'I felt bad, the fact that nobody was talking to her, which was why I went over to her.
'At least, if you're so scared, if somebody is at least paying you some attention,
'it's better than being there on your own.'
Does she get to cuddle him at all? Would she get to give him a cuddle?
Not at the moment.
Tonight, Suzanne's going home with Rosalind.
She lives on the outskirts of Monrovia.
So sometimes your journey home from work
could be over two hours?
Gosh. That is a long way to travel to come to work.
People are starting to leave work.
This is the only public transport in Monrovia.
This is completely mental!
The people's driving, everything.
It's absolutely mad.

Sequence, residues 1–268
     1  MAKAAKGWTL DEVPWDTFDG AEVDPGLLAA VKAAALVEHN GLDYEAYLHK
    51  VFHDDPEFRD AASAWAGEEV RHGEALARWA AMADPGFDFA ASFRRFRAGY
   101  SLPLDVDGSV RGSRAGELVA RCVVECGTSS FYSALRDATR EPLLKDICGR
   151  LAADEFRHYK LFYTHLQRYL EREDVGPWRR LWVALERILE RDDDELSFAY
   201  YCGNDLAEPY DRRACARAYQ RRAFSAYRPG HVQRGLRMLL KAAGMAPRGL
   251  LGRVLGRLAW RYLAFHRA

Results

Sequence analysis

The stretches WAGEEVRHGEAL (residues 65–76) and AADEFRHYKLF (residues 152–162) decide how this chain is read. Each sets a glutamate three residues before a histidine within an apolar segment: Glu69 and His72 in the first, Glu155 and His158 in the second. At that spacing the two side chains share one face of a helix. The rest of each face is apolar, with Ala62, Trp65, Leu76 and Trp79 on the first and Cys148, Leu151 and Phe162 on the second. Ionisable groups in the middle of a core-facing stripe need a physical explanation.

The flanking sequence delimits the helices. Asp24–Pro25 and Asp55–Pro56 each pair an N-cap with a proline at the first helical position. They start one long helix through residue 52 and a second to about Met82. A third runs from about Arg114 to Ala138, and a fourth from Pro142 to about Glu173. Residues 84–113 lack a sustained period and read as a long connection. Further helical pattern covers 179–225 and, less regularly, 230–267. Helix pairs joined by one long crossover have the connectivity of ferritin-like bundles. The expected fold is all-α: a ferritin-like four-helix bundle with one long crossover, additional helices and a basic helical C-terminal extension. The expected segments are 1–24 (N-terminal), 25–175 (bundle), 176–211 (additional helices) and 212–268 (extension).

I think people in England would be a little bit miffed
if you started just driving on the pavement.
It's interesting, but I quite like theme park rides,
so it's a bit like that, really.
After a rattling bus ride,
there's still one more leg of the journey.
I really would rather not.
I'd rather not.
Well, he will drive you.
No, I don't like motorbikes, I'm really sorry.
I don't like motorbikes.
Suzanne decides to treat them both to a taxi.
Hiya. Oh, gosh, you're going to carry my bag!
I think it's almost bigger than you -
it might be too heavy.
Four generations of Rosalind's family live under one roof.
That is my father.
Nice to meet you, sir, all right, very nice to meet you.
The living room.
Wow. Oh, how lovely. What a beautiful house you've got.
Your room. Wow, look at this.
This is beautiful.
You have, you've worked so hard. But it is just...
Even a small midwife's salary
makes Rosalind better off than most Liberians.
But she has to support ten people,
so she does two jobs,
often working 48 hours at a time,
to put food on the table.
Yeah, got a bit of fish here as well.
If my husband at home could see me picking up a fish head,
he would die laughing.